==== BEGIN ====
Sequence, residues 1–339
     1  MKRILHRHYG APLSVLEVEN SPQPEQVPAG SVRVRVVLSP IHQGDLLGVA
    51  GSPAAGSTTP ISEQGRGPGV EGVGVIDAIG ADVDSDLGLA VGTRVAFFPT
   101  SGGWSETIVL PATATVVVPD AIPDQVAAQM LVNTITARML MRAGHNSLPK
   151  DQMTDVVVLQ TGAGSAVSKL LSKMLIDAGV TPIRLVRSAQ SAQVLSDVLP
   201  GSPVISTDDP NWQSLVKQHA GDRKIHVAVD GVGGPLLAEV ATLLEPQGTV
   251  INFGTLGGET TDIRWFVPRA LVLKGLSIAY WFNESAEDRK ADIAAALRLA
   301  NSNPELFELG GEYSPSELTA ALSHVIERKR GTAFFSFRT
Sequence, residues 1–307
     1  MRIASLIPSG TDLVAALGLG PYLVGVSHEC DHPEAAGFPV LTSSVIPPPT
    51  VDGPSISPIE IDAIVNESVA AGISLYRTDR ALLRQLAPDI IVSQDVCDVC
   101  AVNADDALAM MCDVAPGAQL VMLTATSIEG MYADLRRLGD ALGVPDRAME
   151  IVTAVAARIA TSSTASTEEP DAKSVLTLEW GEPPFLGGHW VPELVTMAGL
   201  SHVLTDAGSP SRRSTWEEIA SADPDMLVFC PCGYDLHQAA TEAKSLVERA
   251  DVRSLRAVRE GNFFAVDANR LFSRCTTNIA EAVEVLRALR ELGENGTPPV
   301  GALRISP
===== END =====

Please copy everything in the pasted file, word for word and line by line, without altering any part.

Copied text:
Sequence, residues 1–339
     1  MKRILHRHYG APLSVLEVEN SPQPEQVPAG SVRVRVVLSP IHQGDLLGVA
    51  GSPAAGSTTP ISEQGRGPGV EGVGVIDAIG ADVDSDLGLA VGTRVAFFPT
   101  SGGWSETIVL PATATVVVPD AIPDQVAAQM LVNTITARML MRAGHNSLPK
   151  DQMTDVVVLQ TGAGSAVSKL LSKMLIDAGV TPIRLVRSAQ SAQVLSDVLP
   201  GSPVISTDDP NWQSLVKQHA GDRKIHVAVD GVGGPLLAEV ATLLEPQGTV
   251  INFGTLGGET TDIRWFVPRA LVLKGLSIAY WFNESAEDRK ADIAAALRLA
   301  NSNPELFELG GEYSPSELTA ALSHVIERKR GTAFFSFRT
Sequence, residues 1–307
     1  MRIASLIPSG TDLVAALGLG PYLVGVSHEC DHPEAAGFPV LTSSVIPPPT
    51  VDGPSISPIE IDAIVNESVA AGISLYRTDR ALLRQLAPDI IVSQDVCDVC
   101  AVNADDALAM MCDVAPGAQL VMLTATSIEG MYADLRRLGD ALGVPDRAME
   151  IVTAVAARIA TSSTASTEEP DAKSVLTLEW GEPPFLGGHW VPELVTMAGL
   201  SHVLTDAGSP SRRSTWEEIA SADPDMLVFC PCGYDLHQAA TEAKSLVERA
   251  DVRSLRAVRE GNFFAVDANR LFSRCTTNIA EAVEVLRALR ELGENGTPPV
   301  GALRISP